Gadi Taub, an ultra-conservative young mainstreamer, wrote a column titled "Demagoguery, Anti-Semitism, Ignorance," with content too trivial to repeat, though fairly summarized by its first and last title-words. But Taub's demagoguery fades compared to Ben-Dror Yemini's (an Israeli Daniel Pipes) in Ma'ariv. In a column titled "The Most Justified Offensive Ever" (miraculously, the very words used by his Ha'aretz twin Ari Shavit for the Lebanon War just two years ago), Yemini draws a straight line from Hitler to Hamas (no coincidence they both start with an H, just like Hezbollah, Saddam Hussein, and Hemorrhoids), and explains that "Since the Nazi ideology [], no movement has been as dangerous to world peace as political Islam." My apologies for quoting this trash; we need an Israeli demagogue to instrumentalize the Holocaust, and Yemini was born for such dirty jobs.


At the same time, excellent columnist B. Michael does raise a critical voice in Yediot:

"Here it is again, the periodical 'déjà vu' war. The ritual bleeding poured once again into the boiling basin which has for decades been leading the entire region to hell. To be honest, our soul is weary of dividing the seventh-day's war of the Six-Day War into 'operations,' 'wars,' 'battles,' 'actions,' and 'offensives.' They are all just one ongoing war. They are all one big slaughterhouse. An occupier's war against the occupied, and the occupied's war against their occupier."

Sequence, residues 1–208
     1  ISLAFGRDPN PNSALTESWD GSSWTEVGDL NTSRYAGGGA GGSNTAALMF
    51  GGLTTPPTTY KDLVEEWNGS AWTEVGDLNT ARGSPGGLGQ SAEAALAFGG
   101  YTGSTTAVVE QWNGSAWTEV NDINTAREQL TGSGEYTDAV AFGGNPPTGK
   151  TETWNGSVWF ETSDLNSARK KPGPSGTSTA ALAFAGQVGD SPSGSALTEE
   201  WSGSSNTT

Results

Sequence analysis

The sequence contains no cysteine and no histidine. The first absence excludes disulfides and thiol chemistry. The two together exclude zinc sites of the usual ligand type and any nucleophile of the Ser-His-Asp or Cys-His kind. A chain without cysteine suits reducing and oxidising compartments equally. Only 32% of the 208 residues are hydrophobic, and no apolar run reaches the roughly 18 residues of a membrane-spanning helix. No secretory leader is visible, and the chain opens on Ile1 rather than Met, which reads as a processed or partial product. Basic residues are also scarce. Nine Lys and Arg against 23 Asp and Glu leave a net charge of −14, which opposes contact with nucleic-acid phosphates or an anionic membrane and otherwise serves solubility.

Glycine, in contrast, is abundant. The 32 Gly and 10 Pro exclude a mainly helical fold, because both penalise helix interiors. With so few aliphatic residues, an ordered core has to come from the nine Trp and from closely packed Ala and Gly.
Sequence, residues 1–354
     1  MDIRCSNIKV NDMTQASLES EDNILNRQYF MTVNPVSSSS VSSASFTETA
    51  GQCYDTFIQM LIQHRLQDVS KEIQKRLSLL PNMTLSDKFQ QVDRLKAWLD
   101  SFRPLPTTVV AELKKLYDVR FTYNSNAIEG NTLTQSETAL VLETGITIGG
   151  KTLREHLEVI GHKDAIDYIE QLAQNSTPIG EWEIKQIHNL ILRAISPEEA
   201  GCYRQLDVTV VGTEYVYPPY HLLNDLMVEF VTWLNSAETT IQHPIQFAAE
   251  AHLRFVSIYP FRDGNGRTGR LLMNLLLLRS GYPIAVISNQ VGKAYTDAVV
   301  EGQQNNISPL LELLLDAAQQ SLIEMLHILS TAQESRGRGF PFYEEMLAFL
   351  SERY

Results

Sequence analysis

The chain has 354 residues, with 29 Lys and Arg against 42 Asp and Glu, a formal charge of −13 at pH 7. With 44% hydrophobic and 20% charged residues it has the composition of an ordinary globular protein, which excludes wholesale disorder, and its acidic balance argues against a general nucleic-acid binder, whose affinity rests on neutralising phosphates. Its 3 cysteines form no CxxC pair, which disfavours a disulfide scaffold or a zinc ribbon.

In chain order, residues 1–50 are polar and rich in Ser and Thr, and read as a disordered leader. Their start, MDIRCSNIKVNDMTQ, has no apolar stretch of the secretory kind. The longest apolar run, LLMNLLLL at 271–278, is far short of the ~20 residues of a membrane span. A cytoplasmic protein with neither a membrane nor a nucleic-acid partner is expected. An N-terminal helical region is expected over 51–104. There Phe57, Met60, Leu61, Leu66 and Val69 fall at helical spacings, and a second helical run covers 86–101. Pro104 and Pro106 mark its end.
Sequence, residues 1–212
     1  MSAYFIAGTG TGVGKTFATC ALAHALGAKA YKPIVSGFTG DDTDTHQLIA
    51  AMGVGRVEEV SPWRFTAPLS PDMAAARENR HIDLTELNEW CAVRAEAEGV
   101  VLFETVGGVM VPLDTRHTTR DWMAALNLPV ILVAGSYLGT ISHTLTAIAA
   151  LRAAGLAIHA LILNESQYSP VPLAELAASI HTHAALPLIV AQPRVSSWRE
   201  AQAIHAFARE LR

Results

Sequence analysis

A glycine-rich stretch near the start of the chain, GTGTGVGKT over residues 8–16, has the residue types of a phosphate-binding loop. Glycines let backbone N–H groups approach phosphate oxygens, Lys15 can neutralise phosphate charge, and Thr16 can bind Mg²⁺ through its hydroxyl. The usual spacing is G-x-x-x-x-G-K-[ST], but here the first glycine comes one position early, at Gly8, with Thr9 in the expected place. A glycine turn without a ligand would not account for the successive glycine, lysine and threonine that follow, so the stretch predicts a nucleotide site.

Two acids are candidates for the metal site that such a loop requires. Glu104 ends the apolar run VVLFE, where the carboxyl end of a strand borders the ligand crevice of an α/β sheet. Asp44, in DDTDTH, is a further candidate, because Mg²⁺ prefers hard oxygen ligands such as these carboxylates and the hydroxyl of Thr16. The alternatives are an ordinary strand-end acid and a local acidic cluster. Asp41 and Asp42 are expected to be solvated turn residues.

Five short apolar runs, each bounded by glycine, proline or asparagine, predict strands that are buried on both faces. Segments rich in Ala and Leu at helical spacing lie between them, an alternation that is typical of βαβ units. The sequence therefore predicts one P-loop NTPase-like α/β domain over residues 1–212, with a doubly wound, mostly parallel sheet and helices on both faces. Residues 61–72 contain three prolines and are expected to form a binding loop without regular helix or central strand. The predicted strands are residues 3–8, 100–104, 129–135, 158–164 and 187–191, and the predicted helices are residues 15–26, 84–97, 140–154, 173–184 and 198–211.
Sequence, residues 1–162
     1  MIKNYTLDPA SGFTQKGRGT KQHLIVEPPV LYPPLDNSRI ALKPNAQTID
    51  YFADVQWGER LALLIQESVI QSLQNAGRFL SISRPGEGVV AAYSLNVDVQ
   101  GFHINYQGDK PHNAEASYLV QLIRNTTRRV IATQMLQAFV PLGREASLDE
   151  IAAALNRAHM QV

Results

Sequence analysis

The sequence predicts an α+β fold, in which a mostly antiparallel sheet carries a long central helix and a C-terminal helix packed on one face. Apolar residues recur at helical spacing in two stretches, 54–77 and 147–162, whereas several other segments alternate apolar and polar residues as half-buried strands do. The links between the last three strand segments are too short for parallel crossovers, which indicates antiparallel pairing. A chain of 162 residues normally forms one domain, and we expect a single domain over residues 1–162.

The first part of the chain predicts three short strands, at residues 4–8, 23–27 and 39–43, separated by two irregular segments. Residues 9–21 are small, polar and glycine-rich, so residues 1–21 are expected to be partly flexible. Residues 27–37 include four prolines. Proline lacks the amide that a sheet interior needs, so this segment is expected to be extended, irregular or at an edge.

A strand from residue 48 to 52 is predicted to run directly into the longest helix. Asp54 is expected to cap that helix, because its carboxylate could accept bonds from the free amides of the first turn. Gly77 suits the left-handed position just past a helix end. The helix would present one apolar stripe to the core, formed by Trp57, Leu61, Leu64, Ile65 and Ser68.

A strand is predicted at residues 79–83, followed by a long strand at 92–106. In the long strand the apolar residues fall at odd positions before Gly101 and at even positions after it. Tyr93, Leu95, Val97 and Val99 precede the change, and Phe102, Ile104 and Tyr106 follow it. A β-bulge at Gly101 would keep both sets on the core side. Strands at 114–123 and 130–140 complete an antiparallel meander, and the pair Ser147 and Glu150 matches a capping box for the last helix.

B. Michael knows what most Israelis were trained to forget: that despite the Israeli withdrawal, Gaza is still occupied. Even before the Hamas takeover, Israel retained all the measures to ensure its effective control of the Strip: from direct control of all the border crossings to Gaza, both for goods and for persons, to Israeli control of Gaza's population registry. The only apparent exception the Rafah checkpoint is restricted to entry into Gaza of Gaza inhabitants only, as defined by the Israeli registry, and even this is under Israeli supervision. But for most Israelis, Gaza is an independent, sovereign empire, which was occupied by Israel ages ago, and now, for no reason at all, poses an existential threat to its benevolent Jewish neighbor.